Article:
As the Senate made its final push late Wednesday toward passing a $2.2 trillion emergency relief package, four dissenting Republican lawmakers contested the plan to pay the lowest-wage workers more in relief than they would normally earn, citing concerns that the temporary payments would encourage people to leave their jobs.

Those four GOP senators argued that an increase in unemployment payments of $600 for several months should not be given to the poorest Americans because it would exceed their paychecks.

Few lawmakers agreed with that position, but perhaps no one opposed it more ferociously than Sen. Bernie Sanders (I-Vt.).

“And now I find that some of my Republican colleagues are very distressed, they’re very upset that somebody who’s making 10, 12 bucks an hour might end up with a paycheck for four months more than they received last week,” said Sanders, waving his arms and pointing at his colleagues as he launched into a fiery speech on the Senate floor on Wednesday night.

Sanders, a Democratic presidential hopeful, continued: “Oh my word, will the universe survive? How absurd and wrong is that? What kind of value system is that?”

He pointed out that the federal minimum wage has not been increased since 2007 and called early GOP proposals to offer low-income workers less money if they lose their job during the coronavirus pandemic a way to “punish the poor and working people.”

The senator from Vermont threatened an amendment to the relief bill that would have stripped out economic aid for corporations if Republicans did not kill the plan to throttle unemployment checks for the poorest Americans. Ultimately, the proposal to lower unemployment benefits for poor workers made by four Republicans — Sens. Lindsey O. Graham (S.C.), Ben Sasse (Neb.), Rick Scott (Fla.) and Tim Scott (S.C.) — was defeated.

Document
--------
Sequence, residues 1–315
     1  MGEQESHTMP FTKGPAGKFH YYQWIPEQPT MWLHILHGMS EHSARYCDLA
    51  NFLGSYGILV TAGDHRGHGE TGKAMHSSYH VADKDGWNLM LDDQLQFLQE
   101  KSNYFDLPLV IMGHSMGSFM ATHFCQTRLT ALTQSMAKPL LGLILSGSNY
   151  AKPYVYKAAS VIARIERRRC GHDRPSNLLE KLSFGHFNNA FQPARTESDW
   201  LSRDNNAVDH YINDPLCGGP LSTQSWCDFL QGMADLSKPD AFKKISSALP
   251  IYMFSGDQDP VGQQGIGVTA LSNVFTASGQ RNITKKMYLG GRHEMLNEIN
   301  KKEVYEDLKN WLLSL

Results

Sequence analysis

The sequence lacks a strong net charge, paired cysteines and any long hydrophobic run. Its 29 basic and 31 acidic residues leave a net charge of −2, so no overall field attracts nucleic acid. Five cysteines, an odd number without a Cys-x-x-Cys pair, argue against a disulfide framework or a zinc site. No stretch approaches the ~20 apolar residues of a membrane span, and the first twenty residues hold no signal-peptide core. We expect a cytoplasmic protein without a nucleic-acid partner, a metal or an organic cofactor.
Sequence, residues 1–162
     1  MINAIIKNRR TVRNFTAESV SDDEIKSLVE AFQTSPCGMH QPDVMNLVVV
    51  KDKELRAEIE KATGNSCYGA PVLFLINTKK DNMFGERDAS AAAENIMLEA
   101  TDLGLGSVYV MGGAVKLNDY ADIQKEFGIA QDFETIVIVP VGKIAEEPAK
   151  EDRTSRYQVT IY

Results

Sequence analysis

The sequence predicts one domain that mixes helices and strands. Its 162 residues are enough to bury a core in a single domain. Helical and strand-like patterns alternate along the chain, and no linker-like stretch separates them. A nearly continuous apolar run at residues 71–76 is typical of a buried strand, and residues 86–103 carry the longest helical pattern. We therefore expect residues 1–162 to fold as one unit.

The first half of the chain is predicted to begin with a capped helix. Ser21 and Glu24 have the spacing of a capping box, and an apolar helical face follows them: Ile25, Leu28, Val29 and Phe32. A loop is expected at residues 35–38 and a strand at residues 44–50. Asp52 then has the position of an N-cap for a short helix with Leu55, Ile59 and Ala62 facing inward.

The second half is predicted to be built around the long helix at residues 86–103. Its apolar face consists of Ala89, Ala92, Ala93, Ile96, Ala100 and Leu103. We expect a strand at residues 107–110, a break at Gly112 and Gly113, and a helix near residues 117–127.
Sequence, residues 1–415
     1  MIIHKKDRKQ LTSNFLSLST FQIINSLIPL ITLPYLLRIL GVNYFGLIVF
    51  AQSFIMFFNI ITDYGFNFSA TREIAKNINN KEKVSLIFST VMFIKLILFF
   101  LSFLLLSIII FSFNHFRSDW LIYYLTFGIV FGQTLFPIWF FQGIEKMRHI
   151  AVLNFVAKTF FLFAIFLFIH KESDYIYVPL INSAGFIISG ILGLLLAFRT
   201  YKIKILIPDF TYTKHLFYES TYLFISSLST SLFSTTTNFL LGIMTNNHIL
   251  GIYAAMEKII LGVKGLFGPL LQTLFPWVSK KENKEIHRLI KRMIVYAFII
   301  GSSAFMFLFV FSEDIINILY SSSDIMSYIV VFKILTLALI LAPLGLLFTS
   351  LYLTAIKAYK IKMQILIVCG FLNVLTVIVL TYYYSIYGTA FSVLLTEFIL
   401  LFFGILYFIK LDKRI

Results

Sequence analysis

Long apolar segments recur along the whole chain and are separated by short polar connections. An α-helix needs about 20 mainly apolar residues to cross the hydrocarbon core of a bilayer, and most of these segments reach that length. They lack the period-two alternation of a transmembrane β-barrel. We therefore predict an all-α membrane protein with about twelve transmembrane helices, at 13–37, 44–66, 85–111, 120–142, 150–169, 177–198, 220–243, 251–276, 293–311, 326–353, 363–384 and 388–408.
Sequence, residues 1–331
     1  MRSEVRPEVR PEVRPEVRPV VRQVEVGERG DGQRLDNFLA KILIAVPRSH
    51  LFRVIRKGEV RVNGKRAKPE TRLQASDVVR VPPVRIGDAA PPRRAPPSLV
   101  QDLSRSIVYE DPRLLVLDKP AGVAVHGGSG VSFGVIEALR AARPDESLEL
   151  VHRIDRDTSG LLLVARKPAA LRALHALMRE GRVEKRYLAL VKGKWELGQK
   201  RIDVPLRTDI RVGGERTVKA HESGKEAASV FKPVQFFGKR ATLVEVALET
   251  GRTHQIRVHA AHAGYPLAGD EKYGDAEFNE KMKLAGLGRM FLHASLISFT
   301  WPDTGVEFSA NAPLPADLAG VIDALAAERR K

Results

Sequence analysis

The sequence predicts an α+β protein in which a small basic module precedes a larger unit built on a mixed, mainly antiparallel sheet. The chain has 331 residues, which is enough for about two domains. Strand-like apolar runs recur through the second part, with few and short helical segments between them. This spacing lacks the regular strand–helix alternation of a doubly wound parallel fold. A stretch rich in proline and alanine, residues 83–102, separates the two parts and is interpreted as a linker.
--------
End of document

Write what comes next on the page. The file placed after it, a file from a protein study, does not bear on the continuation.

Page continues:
President Trump and Treasury Secretary Steven Mnuchin worked to convince those senators that the universal $600 unemployment boost would be more efficient than varying supplements by income because that would require the federal government to administer funds through a patchwork of state-run unemployment programs, The Washington Post reported.

But Sanders’s passionate rebuttal, which came in the same week his campaign indicated he would stay in the Democratic race, was widely shared online even after the coronavirus relief package was unanimously approved by the Senate.

“I may not always agree with @BernieSanders but this is @BernieSanders at his very best,” tweeted former North Dakota senator Heidi Heitkamp (D). “You go, my friend!”

Many of Sanders’s supporters joined in the chorus of praise for the critique, saying that his push to defeat the amendment “just saved millions of people.”

Scott and his colleagues argued that low-wage workers would quit their jobs and stop looking for work if unemployment checks were temporarily higher than their paychecks would be. He called the increase in benefits an “incentive” to stay unemployed. Scott described it as an effort to make sure “people can’t get paid more on Unemployment than they can with a job.”

“I want to make sure we’re helping people get back in the workforce,” Scott tweeted. “Bernie wants to keep everyone dependent on the government.”

Despite those objections, the Senate killed the amendment and passed the bill Wednesday with the $600 weekly increase in unemployment benefits for laid-off workers for four months.

The package now goes to the House, where it is expected to pass in a vote on Friday. Trump has said he will sign the bill immediately after Congress approves it.